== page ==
20 August 2020

Pop-up pill testing site in Civic one step closer

| Dominic Giannini
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CBR NightCrew

CBR NightCrew uses a harm-minimisation approach to keep people safe in Civic. Photo: File.

A pop-up pill testing facility in Civic could run across the summer after the ACT Government committed to exploring a pilot program yesterday (20 August).

Region Media understands the St John’s CBR NightCrew – which operates a harm-minimisation tent near Platform 8 of the City Bus Station on Mort Street – has offered to become a potential hosting site for the trial.

The months-long program would be a significant expansion of the two previous pill testing trials at the Groovin the Moo festival in 2018 and 2019.

Greens’ leader Shane Rattenbury attached the pilot program to a motion moved by Labor MLA Michael Pettersson which calls for whomever forms government in October to continue a harm-minimisation approach to drug and alcohol policy.

READ MORE OPINION: Report confirms what we thought – pill testing saves lives so let’s make it routine

More than 250 substances have been tested over the past two years and a total of nine potentially lethal doses were found. The amnesty bin was used at least a dozen times across the two years as well.

“The use of drugs and alcohol should be treated as a health problem, not as a criminal issue. We will consider the amendment the Greens are putting forward and we will work with them on what is an appropriate option going forward for pill testing,” Health Minister Rachel Stephen-Smith said.

“We have supported pill testing at festivals and have said all along that we would take an evidence-based approach to any further expansion of pill testing based on our fundamental commitment to a harm-minimisation approach to drug and alcohol policy.”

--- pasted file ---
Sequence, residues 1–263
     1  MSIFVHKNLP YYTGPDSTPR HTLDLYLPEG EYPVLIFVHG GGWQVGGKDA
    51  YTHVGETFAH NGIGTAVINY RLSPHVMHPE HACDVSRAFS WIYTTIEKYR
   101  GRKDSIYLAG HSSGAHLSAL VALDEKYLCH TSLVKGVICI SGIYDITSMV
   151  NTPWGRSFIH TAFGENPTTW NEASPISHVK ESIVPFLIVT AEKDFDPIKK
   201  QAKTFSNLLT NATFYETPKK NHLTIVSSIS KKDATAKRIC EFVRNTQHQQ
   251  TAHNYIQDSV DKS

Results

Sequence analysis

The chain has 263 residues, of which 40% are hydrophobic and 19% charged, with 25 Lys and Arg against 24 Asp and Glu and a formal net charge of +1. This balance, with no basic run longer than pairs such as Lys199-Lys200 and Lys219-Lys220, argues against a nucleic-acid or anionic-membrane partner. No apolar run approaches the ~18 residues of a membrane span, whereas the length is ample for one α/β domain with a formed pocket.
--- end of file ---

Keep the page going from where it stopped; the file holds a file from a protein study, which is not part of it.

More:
Health Minister Rachel Stephen-Smith

Health Minister Rachel Stephen-Smith says the Government is committed in a harm-minimisation approach to drug and alcohol policy. Photo: Region Media.

The Government has commissioned the Burnet Institute to advise on static pill testing and assess whether a medically safe injecting facility is appropriate for the ACT.

“We also need to consider what is the evidence in our community,” Ms Stephen-Smith said.

READ ALSO “Modern-day leper”: How drug policy is isolating Canberrans from help

“We saw young people and people who were intending to take pills [at the festival] minimising the risk of harm associated with that drug use by changing their behaviour around that, drinking more water, spacing out the taking of those drugs, and also being more informed and more willing to seek advice.”

The Canberra Liberals voted against Mr Rattenbury’s amendment to establish the pilot and have previously opposed pill testing on legal and public safety grounds, calling the decriminalisation of drugs and government-sanctioned pill testing irresponsible.

However, Ms Stephen-Smith says supporting pill testing does not result in the condoning of drug use.

“We are talking about people who already intend to take illicit drugs. This is all about reducing the harm that is associated with going through with that intention,” she said.

“We also need to continue to take measures to reduce the demand for illicit drugs and the supply of illicit drugs.”

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The ACT greens, helping further promote degenerate behaviour….

Wonderful to see some good news amongst the gloom.

I agree. This kind of policy is essential to any socially caring and progressive society. Note to ACT government: Be bold and don’t give up on pursuing a safe injecting policy in the ACT gaol.

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